In early June, we welcomed Z! Haukeness to WNPJ’s staff, as grassroots organizer for Bring Our War Dollars Home, a part-time, year-long position funded by a grant from Ben and Jerry’s Foundation. Z! brings considerable organizing experience, having built coalitions among homeless residents, service providers, advocates and local officials to pass Food Is a Human Right and Housing Is a Human Right resolutions in Madison and Dane County. Z! also works with diverse community groups like Freedom Inc and Operation Welcome Home, and is a member of Groundwork, a white anti-racist collective and WNPJ member group. For more on how you can connect with Z! and Bring Our War Dollars Home, please see the article on page 4.
In mid-June, WNPJ traveled to the MREA Energy Fair in central Wisconsin. It was a dark and stormy fair, but a great opportunity nonetheless to reconnect with many of our members, share information and learn a few things! WNPJ staffed an info table, served up our annual Pancakes for Peace fundraiser, held a Board meeting, moderated two workshops and promoted others by member groups.
Renewably-powered thanks for Energy Fair help to volunteers Joseph Koob, Carlos Miranda and Tom McGrath for tabling help. Whole-grain thanks with fresh fruit to Pancakes for Peace volunteer organizer Cham Nusz, grill master Chris Kuehnel, and helpers Judy Miner, Nadja and Stefan Nordstrom, Louise Pease, Mary Sanderson, John Peck, Tom McGrath, Carlos Miranda and Joseph Koob. Thanks also to Family Farm Defenders, Organic Valley, Emy J’s and Great Harvest Bread Company for breakfast food donations. Congratulations to Carl Sack, Philomena Kebec, Rob Danielson, Pat Popple and Huda Alkaff for their great and well-attended workshops on empowering grassroots environmental activism.
Many other volunteers have come together to make the Network work, over the past few months. Sheila Spear, Ilana Caplan, Fred Brancel, Karma Chavez, Kathy Walsh, Judy Miner and Karen Stier helped produce and assemble our last newsletter. Thanks to Julia Gutierrez, Carlos Miranda and Jeff Pritchard for making phone calls to remind our member groups to fill out our update and brief survey (still online at wnpj.org/info if you haven’t yet filled it out!). Thanks also to Kathy Walsh for posting updates to the WNPJ website and other office help, and to Judy Miner for maintaining the WNPJ calendar and events bulletins for over a year, after leaving staff!
Please join us in welcoming the six new member groups who joined WNPJ since our last newsletter: the Wisconsin Alliance for Tenants’ Rights, which has been watchdogging the state legislature in its attempts to rollback tenant protections; Friends of Palestine in Germantown, which advocates for human rights in the Middle East; the Peace, Justice and Sustainability Group of James Reeb Unitarian Universalist Congregation in Madison, which organizes educational and community-building events; the Islamic Environmental Group of Wisconsin, based in West Bend, which shares a faith perspective on sustainability issues; Northwoods Peace and Justice in Hayward, a regrouping of some members of the former Peace North; and the Midwest Coalition Against Lethal Mining, with contacts in La Crosse, Milwaukee, Madison and El Salvador, which builds international solidarity on mining issues.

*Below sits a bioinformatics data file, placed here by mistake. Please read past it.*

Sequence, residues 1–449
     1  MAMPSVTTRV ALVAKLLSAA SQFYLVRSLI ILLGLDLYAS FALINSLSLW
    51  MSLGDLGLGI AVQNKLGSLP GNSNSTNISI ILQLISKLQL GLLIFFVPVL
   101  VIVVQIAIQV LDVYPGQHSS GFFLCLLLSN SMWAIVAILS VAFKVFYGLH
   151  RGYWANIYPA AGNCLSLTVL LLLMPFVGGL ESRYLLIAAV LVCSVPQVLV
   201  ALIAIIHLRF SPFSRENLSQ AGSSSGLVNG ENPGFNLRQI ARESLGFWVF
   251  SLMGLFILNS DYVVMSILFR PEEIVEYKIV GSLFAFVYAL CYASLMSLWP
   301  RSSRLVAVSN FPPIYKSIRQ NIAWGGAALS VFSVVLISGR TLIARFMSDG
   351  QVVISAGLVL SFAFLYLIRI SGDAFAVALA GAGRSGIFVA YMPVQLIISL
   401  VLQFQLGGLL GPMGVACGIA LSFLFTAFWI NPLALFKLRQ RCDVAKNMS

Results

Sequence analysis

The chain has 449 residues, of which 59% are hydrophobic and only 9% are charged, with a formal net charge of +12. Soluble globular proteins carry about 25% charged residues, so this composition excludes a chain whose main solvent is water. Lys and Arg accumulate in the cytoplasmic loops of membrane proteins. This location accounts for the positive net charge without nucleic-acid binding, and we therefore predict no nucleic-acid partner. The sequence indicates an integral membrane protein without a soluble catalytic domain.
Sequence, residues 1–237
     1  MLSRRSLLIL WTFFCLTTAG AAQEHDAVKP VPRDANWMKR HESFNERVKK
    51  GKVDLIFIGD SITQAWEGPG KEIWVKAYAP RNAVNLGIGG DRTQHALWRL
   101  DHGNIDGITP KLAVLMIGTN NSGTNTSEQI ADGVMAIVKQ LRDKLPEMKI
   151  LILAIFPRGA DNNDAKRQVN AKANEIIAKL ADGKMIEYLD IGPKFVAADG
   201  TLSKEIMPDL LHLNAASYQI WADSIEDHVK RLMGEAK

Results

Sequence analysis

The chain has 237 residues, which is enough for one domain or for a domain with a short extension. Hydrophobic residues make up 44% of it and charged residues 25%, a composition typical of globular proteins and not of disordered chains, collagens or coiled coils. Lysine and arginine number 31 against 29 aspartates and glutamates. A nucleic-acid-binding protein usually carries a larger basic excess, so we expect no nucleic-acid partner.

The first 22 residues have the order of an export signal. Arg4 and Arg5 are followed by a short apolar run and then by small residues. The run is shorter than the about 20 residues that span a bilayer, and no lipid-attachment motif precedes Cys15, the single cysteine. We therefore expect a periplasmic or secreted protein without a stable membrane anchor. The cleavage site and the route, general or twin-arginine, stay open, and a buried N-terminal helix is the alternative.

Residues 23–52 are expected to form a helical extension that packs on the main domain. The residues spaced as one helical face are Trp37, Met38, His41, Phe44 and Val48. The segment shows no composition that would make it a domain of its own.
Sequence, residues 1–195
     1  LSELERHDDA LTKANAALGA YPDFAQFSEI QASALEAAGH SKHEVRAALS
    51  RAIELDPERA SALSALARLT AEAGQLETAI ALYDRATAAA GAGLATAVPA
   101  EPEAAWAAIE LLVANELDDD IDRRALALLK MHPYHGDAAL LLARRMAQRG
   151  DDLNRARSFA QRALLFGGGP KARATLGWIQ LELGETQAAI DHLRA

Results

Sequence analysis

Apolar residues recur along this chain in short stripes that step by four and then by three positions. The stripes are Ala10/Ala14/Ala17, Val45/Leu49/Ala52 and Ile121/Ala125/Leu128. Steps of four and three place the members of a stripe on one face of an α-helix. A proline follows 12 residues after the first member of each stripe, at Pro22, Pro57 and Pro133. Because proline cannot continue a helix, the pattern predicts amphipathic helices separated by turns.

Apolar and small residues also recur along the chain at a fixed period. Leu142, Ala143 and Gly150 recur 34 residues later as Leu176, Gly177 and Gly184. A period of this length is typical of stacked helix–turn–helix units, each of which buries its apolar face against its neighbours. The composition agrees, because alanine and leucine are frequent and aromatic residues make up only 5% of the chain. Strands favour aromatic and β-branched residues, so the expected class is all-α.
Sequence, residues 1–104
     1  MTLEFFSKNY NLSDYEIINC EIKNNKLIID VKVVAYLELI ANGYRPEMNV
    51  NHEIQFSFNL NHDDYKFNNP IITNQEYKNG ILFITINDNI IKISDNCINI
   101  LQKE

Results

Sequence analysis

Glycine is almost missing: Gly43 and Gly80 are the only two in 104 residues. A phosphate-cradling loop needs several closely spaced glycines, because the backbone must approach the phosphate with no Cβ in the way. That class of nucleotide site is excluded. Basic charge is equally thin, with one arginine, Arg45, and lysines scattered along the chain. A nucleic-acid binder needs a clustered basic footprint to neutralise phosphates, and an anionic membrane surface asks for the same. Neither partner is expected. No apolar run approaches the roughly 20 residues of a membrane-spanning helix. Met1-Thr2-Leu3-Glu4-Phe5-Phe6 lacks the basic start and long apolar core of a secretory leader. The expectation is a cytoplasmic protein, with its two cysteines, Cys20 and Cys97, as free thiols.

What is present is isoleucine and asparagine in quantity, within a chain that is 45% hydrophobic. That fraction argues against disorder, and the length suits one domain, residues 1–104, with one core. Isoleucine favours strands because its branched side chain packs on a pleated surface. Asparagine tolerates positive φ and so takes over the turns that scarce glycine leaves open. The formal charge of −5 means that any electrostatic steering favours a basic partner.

Lastly, WNPJ is your Network! Please take a few minutes to review the proposed Board slate and organizational budget for 2014 on the insert in this newsletter. We need and want your input on WNPJ’s future! Both will be voted on at our member assembly in October, but questions and feedback are very welcome before then, at 608-250-9240 or firstname.lastname@example.org. Also, please read the Chair’s report and see below, to see how you can help ensure WNPJ’s financial sustainability. Thank you!
Please tell your co-workers, friends and family:
You can support peace and justice at work!
WNPJ is a proud member of Community Shares of Wisconsin.
Please support us, and other social change groups, by taking part in the Community Shares fall workplace campaign.
For details, and to see if your workplace already participates, visit www.communityshares.com.